This is a guest post for the Computer Weekly Developer Network written by Francis Carden is his capacity as vice president for digital automation and robotics at Pegasystems — the company is known for its work in customer engagement software.
Robotic Process Automation (RPA) is already helping businesses reduce inefficiencies and deliver cost savings, but it’s not perfect.
IT teams must consider in equal measure what RPA should and shouldn’t be used for.
DO use RPA
DO use RPA…to automate simple tasks.
RPA typically automates simpler and mundane work. Years of business process optimisation has made it such that a lot of work that remains is not simple, repetitive work but rather complex and fragmented. This impacts RPA getting to scale. Companies switching from one unattended RPA vendor to another eventually realise it’s the complexity of the process/applications that prevent scale, not RPA itself.
Businesses should use attended RPA to automate simpler tasks within complex processes and optimise every worker rather than automating every worker. 50% automation on 1000 people is better than 100% of 20.
Also use RPA as a means to digital transformation, not the end game.
The goal of digital transformation is to transform business. RPA has a place – optimising parts of enterprise, but ultimately to digitally transform, RPA would require replacement with deeper intelligent automation technologies for many applications. Automating bad processes on old, costly-to-manage legacy apps are still bad processes on those applications.
In addition, RPA is not scalable for APIs and too breakable for IT to use as a set-and-forget. According to a recent Pega survey of 509 global decision makers on RPA, 87% of respondents experience some level of bot failures. Further, forty-one percent of respondents said that ongoing bot management is taking more time and resources than expected. RPA automations can be exposed to APIs to redesign new digital interfaces, but these RPA connections will be temporary.
There are far better technologies to automate intelligently for serious transformation than RPA and these include:
- Low-code designs which supports centralised governed rules rather than siloed macros to eliminate cumbersome spreadsheets.
- Centralised email management with natural language processing to read and respond to emails rather than RPA on outlook.
- Orchestration and low-code together to replace old, tired processes and accelerate ending the life of many legacy apps that encourage poor processes.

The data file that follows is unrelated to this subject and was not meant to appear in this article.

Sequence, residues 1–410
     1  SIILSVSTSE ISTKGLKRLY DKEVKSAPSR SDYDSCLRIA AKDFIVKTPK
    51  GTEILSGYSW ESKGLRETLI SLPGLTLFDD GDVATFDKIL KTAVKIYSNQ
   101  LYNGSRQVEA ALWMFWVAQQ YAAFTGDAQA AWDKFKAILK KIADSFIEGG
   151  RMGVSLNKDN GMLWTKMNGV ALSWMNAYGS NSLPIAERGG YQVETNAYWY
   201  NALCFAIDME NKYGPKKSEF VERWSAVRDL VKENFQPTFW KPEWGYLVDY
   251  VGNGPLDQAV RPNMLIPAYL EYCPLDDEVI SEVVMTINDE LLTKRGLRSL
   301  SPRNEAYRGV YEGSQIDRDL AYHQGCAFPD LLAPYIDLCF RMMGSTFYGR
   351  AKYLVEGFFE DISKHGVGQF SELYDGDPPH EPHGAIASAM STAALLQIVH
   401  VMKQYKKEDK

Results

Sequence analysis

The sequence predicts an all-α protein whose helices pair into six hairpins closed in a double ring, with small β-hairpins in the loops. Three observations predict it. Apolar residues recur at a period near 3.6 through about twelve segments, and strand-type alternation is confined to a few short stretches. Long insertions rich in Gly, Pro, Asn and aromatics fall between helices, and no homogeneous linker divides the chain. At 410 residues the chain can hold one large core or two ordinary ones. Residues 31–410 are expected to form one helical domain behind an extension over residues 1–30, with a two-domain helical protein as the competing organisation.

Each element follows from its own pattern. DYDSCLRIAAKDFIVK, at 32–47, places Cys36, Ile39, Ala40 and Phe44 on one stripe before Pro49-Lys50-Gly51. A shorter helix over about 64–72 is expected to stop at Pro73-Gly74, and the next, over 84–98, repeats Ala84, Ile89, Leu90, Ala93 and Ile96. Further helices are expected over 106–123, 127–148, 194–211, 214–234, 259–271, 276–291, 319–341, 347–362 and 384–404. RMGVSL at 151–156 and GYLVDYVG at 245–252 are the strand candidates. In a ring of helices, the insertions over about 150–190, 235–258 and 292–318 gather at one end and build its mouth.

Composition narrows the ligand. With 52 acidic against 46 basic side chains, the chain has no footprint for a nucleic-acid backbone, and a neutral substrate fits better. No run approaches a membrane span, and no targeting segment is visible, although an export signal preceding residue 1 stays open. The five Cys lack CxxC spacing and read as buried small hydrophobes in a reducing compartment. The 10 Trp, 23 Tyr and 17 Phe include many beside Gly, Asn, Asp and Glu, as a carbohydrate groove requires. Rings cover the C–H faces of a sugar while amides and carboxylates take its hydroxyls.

DON’T use RPA…
Don’t use RPA to automate complex processes.
The core of RPA is to automate screens through the user interface (UI) – to read something off the screens and do something with the data before possibly sending the data back into them. RPA doesn’t need much intelligence for this because all RPA is limited by its operating system and the ability to support the multitude of complexly compiled applications that run on it. Some intelligence is being used via optical character recognition on-screen, but in these cases, app automation is even slower and more brittle than object-based automation systems in some RPA products.
Complex processes embedded with complex applications and GUIs are a no-go – they are fragile, expensive to support and break frequently.
Also, don’t use RPA for long-term enterprise application integration (EAI) projects.
Using RPA – UI automation – for long-term EAI projects is not architecturally sound. A simple UI change down the RPA chain could seriously impact EAI – disastrous as the objective of enterprise architects is to use robust, scalable, APIs connected using proven, secure technology. However, these aren’t always available in time to fulfil short-term optimisation or digital transformation. In this case, it is fine to at least consider RPA as a stop-gap/bridge so the value can be delivered.
It will be interesting to see how RPA develops. RPA’s lack of scale is at least drawing attention to bad processes and eventually, maybe, people will start to plan to transform them instead.